East Of Eden is the new album and it’s pretty soulful. It feels lighter for one thing, and the songs seem and feel melancholic. But that’s juxtaposed with upbeat tempos. Was that the goal?
Absolutely! I feel very self-conscious about my voice, I don’t like the sound of it most of the time. I wanted to challenge myself with this one by bringing all the vocals upfront and not hide behind a wall of instruments and do what’s best for the song. While I was thinking about this, I was listening to a lot of old-school doo-wop, Motown, a lot of R&B, and Soul. It just dawned on me that I wanted to take that kind of approach. Despite the more bleak lyrical content – I can’t seem to get away from that kind of stuff – I guess that upbeatness is me borrowing heavily from the classic Motown stuff.
That was going to be my next question. With songs like “The Pleading Tone,” the guitar gives that aged sound like it’s coming from another decade, as well as the backing harmonies. It’s great the way it’s blended together. And “Sad Song”(!) has that same feel for a yearning love song. You find yourself lost within the song. It’s great, like I said before, the way you throw in that juxtaposition with the melancholic & upbeat rhythm.
I totally stole that shit and I’m not sure from where. Again that comes from years of listening to all kinds of stuff. It makes its way into your subconscious and you never really know when it’s going to come to the surface. But yeah, I’m sure I stole that from somewhere.
It’s not that obvious theft like that Pharrell/Robin Thicke song where the similarities were so similar to Marvin Gaye. You’re taking from a style and a sound rather than directly taking melodies from an artist.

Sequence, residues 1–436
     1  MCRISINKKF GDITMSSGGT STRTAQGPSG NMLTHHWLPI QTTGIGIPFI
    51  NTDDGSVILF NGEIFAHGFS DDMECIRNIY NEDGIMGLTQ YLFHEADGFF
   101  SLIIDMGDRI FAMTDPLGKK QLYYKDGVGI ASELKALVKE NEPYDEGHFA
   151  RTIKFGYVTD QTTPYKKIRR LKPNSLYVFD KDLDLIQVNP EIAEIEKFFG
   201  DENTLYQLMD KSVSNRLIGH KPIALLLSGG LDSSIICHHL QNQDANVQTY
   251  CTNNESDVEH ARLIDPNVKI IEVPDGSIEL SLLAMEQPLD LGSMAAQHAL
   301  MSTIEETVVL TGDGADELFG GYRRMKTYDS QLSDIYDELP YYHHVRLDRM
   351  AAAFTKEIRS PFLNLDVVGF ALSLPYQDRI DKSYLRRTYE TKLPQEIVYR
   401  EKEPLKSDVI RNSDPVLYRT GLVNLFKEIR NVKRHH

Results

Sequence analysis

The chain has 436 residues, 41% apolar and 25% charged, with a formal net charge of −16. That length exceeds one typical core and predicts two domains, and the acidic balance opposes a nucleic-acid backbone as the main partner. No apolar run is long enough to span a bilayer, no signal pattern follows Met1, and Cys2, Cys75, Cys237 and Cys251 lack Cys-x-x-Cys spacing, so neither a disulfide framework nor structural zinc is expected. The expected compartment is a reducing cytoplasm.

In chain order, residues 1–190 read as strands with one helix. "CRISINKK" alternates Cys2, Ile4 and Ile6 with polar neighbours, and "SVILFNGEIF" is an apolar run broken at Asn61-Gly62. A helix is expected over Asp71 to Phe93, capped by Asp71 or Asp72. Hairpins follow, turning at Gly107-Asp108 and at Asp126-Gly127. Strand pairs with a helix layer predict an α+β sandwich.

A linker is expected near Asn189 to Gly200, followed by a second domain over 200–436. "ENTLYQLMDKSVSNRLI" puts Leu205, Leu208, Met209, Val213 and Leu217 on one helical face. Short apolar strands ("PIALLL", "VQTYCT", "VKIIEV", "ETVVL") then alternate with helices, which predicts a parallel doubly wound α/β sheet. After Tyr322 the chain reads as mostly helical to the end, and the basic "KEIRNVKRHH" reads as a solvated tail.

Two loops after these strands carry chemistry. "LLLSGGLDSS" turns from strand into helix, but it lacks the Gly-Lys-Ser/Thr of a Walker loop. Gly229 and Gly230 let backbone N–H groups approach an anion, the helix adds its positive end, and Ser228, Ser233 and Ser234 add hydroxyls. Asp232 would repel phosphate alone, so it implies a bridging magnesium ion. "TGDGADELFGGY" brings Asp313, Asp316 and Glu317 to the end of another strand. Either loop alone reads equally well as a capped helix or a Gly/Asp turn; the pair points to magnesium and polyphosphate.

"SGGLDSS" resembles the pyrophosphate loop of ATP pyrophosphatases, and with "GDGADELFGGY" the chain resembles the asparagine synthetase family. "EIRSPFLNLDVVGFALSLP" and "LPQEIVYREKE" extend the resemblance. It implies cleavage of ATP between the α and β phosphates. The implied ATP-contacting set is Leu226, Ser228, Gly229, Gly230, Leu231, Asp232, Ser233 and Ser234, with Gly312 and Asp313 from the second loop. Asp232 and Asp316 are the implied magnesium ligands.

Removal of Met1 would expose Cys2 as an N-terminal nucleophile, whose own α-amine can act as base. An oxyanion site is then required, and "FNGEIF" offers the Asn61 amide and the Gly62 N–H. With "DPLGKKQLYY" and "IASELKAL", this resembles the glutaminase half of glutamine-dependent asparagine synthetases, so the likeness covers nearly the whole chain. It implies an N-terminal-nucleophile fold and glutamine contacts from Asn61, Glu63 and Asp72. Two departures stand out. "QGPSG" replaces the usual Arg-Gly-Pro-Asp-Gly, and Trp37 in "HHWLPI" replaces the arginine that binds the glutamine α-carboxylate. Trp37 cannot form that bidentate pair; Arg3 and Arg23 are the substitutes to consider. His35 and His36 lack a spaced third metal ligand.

I tend to agree. There are chord progressions that are part of a musical tradition, and following those formats and that kind of harmony is deeply embedded in the American subconscious, particularly if you’re into American music. I’m sure it came from somewhere but I’m not entirely sure where though. It’s part of that collective American subconsciousness.
I started thinking about the title track to the album. Why is it the title track and what does it mean to you?
“East Of Eden,” obviously it’s a biblical reference. When Adam & Eve were kicked out of Eden they went west, they were cast from the garden, cast out of God’s good graces. Being as I had written this album during the pandemic, being that the last four years under this orange bozo, who will remain nameless, it really felt like America had taken a turn towards chaos and destruction with this political tribalism, this sense of entitlement, and violence against people of violence. Don’t get me wrong, all of that has always existed here in America obviously but never before were we able to see how it was it brought to the forefront and people were comfortable with their racism, discrimination, and privilege in modern society than ever before. The pandemic laid this all really bare, along with the previous administration; it was like a perfect storm of horrible shit. That’s kind of what the title is in reference to, this fall from grace.
For the album, the players that you have here, from the singers to the musicians, all gel really well the way you’ve conceptualized the album.
The selection of the players, that was another thing that came out of this pandemic. I prefer to have the players in the studio with me but being that there was this deadly virus going around, I couldn’t just have everyone down. It limited the selection of players I could have and it actually turned out to be pretty good. I feel like everyone occupied just the right space, no one was violating anyone else’s sonic space and so everything fit in really nicely. I’d like to say it was intentional but it probably wasn’t (he laughs).